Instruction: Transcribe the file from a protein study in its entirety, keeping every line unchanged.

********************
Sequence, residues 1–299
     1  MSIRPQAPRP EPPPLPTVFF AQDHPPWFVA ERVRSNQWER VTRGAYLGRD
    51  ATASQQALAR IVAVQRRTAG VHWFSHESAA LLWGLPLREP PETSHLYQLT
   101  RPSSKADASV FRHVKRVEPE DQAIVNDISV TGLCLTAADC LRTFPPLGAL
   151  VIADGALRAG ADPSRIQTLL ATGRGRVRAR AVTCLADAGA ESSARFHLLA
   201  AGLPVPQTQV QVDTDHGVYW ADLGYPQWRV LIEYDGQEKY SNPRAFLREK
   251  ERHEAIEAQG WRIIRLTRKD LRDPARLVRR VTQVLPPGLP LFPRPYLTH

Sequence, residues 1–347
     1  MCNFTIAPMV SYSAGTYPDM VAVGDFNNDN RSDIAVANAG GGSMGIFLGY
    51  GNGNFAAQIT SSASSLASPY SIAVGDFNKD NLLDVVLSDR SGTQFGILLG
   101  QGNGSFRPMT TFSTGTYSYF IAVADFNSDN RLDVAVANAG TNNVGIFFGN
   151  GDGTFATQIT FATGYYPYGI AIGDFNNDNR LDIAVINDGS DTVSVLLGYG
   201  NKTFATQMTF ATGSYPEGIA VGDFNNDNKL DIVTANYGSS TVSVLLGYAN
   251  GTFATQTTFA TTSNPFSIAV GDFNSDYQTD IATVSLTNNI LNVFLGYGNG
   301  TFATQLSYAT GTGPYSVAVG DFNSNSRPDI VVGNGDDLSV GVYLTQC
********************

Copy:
Sequence, residues 1–299
     1  MSIRPQAPRP EPPPLPTVFF AQDHPPWFVA ERVRSNQWER VTRGAYLGRD
    51  ATASQQALAR IVAVQRRTAG VHWFSHESAA LLWGLPLREP PETSHLYQLT
   101  RPSSKADASV FRHVKRVEPE DQAIVNDISV TGLCLTAADC LRTFPPLGAL
   151  VIADGALRAG ADPSRIQTLL ATGRGRVRAR AVTCLADAGA ESSARFHLLA
   201  AGLPVPQTQV QVDTDHGVYW ADLGYPQWRV LIEYDGQEKY SNPRAFLREK
   251  ERHEAIEAQG WRIIRLTRKD LRDPARLVRR VTQVLPPGLP LFPRPYLTH

Sequence, residues 1–347
     1  MCNFTIAPMV SYSAGTYPDM VAVGDFNNDN RSDIAVANAG GGSMGIFLGY
    51  GNGNFAAQIT SSASSLASPY SIAVGDFNKD NLLDVVLSDR SGTQFGILLG
   101  QGNGSFRPMT TFSTGTYSYF IAVADFNSDN RLDVAVANAG TNNVGIFFGN
   151  GDGTFATQIT FATGYYPYGI AIGDFNNDNR LDIAVINDGS DTVSVLLGYG
   201  NKTFATQMTF ATGSYPEGIA VGDFNNDNKL DIVTANYGSS TVSVLLGYAN
   251  GTFATQTTFA TTSNPFSIAV GDFNSDYQTD IATVSLTNNI LNVFLGYGNG
   301  TFATQLSYAT GTGPYSVAVG DFNSNSRPDI VVGNGDDLSV GVYLTQC